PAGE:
What’s the role of Web 2.0 tools in the political sphere, especially in countries ruled by authoritarian regimes? Evgeny Morozov and Clay Shirky take on this and other issues regarding the real power (or lack of it) of Twitter, Facebook and other social networking programs that have been hailed as revolutionary democratizing tools in this Edge conversation.
Here’s a small sampling of their engagement:
MOROZOV: It’s all a matter of questions that we want to ask. If the question we are asking is “How does the Internet impact the chances for democratization in a country like China?”, we have to look beyond what it does to citizens’ ability to communicate with each other or their supporters in the West. I recently found a very fascinating piece of statistics: apparently, the Chinese government spent $120 billion by 2003 on e-government and something like $70 million on the Golden Shield, the censorship project. You compare those two numbers — $120 billion on e-government and $70 million on censorship — and you can sense that the Chinese are really excited by e-government. No surprises here: it can make their government more efficient, making it seem more transparent and resistant to corruption. This would only strengthen the government’s legitimacy. Will it modernize the Chinese Communist Party? It will. Will it result in the establishment of democratic institutions that we expect in liberal democracies? It may not. If we want to know whether China is moving closer to embracing fully functioning democratic institutions and what kind of role the Internet would play in this process, there are no easy clear cut answers here.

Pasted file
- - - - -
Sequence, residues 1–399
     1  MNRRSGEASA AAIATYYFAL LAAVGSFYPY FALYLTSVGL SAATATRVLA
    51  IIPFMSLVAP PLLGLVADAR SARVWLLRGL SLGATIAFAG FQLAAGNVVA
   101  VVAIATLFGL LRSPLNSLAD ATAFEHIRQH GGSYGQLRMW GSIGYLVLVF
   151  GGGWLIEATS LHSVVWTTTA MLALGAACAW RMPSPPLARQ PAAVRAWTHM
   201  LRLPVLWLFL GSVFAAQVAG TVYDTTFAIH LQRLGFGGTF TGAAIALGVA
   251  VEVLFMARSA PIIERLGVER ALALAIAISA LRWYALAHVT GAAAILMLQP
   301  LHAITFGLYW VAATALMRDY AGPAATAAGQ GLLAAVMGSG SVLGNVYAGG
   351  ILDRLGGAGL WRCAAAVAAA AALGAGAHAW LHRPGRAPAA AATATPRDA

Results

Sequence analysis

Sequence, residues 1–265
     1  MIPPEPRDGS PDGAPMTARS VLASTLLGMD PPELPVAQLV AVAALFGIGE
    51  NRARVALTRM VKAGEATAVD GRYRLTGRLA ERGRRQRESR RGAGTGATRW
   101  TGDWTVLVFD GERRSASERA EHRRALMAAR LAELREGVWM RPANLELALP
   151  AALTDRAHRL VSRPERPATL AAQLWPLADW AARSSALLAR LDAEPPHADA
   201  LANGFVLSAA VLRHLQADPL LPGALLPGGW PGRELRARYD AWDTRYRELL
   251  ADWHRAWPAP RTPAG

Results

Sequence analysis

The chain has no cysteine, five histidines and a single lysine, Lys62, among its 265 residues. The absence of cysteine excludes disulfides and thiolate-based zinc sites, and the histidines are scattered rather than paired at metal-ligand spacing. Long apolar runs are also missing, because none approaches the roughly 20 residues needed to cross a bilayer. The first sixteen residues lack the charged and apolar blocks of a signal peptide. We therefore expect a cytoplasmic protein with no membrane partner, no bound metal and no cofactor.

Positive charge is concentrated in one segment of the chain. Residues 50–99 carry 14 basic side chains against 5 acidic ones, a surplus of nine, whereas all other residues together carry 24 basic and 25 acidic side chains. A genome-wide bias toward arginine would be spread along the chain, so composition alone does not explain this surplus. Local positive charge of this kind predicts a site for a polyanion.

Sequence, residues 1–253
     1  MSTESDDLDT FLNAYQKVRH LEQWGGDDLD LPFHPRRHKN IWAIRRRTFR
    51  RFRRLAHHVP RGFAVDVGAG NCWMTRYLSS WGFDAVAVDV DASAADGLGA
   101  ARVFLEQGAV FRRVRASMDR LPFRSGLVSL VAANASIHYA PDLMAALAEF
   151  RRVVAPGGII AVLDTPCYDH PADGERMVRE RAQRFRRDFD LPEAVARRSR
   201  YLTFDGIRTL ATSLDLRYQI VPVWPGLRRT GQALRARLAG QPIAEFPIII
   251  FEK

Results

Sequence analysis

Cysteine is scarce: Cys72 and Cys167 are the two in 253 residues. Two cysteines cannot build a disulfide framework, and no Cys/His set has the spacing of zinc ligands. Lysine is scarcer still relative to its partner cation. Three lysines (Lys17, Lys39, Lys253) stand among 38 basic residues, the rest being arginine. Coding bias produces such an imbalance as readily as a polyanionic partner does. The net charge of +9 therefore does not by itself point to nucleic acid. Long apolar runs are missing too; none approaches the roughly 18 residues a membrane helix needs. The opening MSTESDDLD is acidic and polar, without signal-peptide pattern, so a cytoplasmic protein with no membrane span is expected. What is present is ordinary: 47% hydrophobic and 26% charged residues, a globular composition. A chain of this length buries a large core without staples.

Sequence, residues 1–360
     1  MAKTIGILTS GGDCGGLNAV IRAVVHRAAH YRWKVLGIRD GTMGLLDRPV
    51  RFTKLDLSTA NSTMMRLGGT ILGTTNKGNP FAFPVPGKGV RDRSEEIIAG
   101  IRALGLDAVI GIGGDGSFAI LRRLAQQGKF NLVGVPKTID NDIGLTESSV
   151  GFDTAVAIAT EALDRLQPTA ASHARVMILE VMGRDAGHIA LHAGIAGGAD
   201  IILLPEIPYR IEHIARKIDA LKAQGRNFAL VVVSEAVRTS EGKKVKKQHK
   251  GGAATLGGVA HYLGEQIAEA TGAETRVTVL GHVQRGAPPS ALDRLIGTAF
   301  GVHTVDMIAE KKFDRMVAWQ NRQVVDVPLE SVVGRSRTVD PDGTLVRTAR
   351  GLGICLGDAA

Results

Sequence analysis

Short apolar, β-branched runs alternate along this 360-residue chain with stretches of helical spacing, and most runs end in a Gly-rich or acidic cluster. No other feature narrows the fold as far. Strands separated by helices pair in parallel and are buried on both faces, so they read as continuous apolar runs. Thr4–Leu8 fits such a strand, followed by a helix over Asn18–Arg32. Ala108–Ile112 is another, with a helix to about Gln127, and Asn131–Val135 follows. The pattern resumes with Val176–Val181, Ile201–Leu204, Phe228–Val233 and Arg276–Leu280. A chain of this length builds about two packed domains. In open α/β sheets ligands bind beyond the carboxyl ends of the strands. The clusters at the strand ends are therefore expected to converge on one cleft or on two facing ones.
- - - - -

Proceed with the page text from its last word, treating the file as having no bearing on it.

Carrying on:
SHIRKY: This is one of the really interesting things about these questions, which is that you very quickly get a kind of philosophic vertigo. You think you’re asking a question about Twitter, and suddenly you realize you’re asking a question about, say, Hayek and markets. My bias is that non-democratic governments are lousy at managing market economies over the long haul. That’s a baseline assumption, and it affects the context of digital publics.
With that assumption as background, one of the questions you could ask is how much is political sensitivity of the regime titrated to the price of oil? If oil goes back above $100 a barrel, the Iranian regime can do anything they like. They could destroy the intelligentsia in all of Tehran and still rule the country because they’d have so much cash from oil. If it goes under $50 and stays under $50, on the other hand, their ability to hold down populist uprising will be severely compromised.
MOROZOV: Whatever the bias, the truth is that we did have revolutions before Twitter.
Good, thoughtful dialogue here.